It didn’t take long for Hastings College to decide to sell the license for college radio station KFKX-FM. As we reported, the student radio station was shut down and went silent a month ago. At the time, the school was vague about its plans for the license. This week, however, the college submitted paperwork to the FCC asking for the license to be assigned to Community Broadcasting, Inc., which operates religious radio stations. According to its Asset Purchase Agreement dated July 21, 2016, the sale price is $37,500.
Community Broadcasting Inc. has asked the FCC for a main studio waiver in the hopes of originating its broadcasts from its KSIV-FM studio in St. Louis, Missouri. According to its request, “CBI is a non-profit, charitable corporation organized under Section 501(c) of the Internal Revenue Code. CBI is the licensee of a number non-commercial educational stations. These stations are part of the Bott Radio Network (“BRN”), also a not-for-profit entity, which provides programming to them from CBI’s headquarters in Overland Park, Kansas.”
The Bott Radio Network is a religious broadcasting group that includes 42 radio stations across the United States, according to an accounting of broadcast interests included with the KFKX application. The Bott Radio Network website states,
Bott Radio Network’s purpose is to serve the Lord’s people and to help strengthen each Christian family in our listening audience. Bott Radio Network is an arm of each Bible preaching local church and, as such, will encourage each listener toward a closer walk with the Lord. Bott Radio Network presents the finest Bible Teaching and Christian News & Information programming in America…Bott Radio Network now operates over 100 broadcast signals with a combined coverage of 51 million people in 15 states. They are Arkansas, California, Illinois, Indiana, Iowa, Kansas, Minnesota, Mississippi, Missouri, Nebraska, Oklahoma, South Dakota, Tennessee, Texas, and Wyoming.”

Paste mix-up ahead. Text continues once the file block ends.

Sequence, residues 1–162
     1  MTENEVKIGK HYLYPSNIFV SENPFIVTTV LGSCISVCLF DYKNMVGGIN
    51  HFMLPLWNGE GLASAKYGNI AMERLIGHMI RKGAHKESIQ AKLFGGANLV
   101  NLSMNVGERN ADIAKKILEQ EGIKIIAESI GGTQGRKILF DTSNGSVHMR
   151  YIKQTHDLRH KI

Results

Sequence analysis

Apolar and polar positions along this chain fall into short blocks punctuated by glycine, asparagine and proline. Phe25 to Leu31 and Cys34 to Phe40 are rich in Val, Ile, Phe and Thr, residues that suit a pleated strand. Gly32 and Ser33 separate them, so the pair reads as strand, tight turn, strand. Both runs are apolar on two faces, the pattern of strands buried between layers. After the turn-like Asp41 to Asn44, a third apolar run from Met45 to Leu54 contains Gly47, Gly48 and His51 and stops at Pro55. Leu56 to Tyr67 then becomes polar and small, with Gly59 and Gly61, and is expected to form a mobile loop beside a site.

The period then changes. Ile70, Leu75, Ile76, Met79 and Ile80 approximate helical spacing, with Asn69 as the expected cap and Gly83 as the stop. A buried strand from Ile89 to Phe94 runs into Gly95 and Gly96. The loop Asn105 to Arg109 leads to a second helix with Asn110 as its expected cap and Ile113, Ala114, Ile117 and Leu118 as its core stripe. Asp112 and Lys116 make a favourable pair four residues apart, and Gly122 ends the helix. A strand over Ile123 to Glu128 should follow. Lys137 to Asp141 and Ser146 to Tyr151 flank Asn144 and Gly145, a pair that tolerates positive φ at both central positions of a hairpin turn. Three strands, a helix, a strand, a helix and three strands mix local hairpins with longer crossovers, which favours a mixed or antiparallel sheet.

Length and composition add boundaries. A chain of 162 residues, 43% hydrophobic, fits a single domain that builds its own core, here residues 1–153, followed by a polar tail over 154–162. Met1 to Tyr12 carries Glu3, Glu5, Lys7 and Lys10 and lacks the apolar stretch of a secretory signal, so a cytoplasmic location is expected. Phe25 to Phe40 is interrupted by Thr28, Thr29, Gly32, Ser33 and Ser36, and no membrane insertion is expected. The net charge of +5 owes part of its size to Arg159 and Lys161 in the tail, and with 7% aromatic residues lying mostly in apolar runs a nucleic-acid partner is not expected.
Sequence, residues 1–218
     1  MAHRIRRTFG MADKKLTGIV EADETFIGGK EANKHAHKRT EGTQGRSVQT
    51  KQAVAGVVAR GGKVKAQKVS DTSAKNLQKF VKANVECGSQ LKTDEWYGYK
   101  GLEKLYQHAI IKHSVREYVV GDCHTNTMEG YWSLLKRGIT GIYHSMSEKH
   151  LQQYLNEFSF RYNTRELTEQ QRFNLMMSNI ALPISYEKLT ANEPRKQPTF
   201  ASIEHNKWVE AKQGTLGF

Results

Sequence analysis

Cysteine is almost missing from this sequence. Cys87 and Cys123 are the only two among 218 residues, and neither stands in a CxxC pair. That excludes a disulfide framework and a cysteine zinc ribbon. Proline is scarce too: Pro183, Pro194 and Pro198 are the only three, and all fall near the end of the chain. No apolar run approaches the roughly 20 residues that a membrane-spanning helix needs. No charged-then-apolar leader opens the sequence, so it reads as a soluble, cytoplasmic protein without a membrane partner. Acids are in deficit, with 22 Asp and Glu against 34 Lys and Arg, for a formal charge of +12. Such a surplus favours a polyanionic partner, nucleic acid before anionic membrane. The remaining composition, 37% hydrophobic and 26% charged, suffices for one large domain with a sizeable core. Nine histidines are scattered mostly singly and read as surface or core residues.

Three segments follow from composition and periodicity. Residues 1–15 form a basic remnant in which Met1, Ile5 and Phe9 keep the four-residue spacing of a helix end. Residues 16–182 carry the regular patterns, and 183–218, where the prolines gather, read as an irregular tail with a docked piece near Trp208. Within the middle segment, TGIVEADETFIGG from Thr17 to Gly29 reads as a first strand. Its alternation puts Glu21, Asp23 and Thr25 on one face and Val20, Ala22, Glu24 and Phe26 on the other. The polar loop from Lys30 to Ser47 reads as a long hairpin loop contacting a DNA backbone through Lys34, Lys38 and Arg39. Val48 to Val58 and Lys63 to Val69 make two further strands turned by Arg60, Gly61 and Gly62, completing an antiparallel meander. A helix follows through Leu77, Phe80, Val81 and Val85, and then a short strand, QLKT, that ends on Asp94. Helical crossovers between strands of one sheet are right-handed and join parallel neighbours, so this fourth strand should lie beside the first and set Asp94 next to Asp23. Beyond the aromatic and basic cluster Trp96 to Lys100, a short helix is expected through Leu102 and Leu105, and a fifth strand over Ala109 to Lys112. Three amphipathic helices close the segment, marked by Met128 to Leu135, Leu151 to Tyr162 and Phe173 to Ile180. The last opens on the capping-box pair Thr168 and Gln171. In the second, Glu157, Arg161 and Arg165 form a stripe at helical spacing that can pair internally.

Colorado Station Tours
I’ve had Colorado on my mind, as I’m busily writing up my tour reports from the six college radio station visits from my Colorado vacation. This week I wrote about visits to Colorado College radio station The SOCC and to Colorado State University station KCSU. Additionally, on episode 56 of the Radio Survivor Podcast, I recap my trip to Metropolitan State University of Denver’s student-run radio station Met Radio and share some audio highlights from my interview with two of its student leaders.
Although I’m happy to have seen so many stations (I have three more left to write up), I still wish that I’d been able to see more. By my count, there are at the minimum 18 college radio stations in Colorado, with Denver and Colorado Springs the hot beds of activity, with at least four college radio stations in each city.
More College Radio News
U.Va. Radio Station WTJU Hosts Summer Camp for Local Students (The Cavalier Daily)
Campus Radio Station WGSU Seeks a Friendly Mascot (Livingston County News)
WIRE Named Best in Boston (Wentworth Institute of Technology)
Vondee Rules the Airwaves at University of Cape Coast in Ghana (Graphic Online)
Accra Radio Made Me Lazy; Happy to Be Back in K’si-Kwame Adinkra (Graphic Online)
Manipal Student’s Short Film Wins Community Radio Video Challenge (Times of India)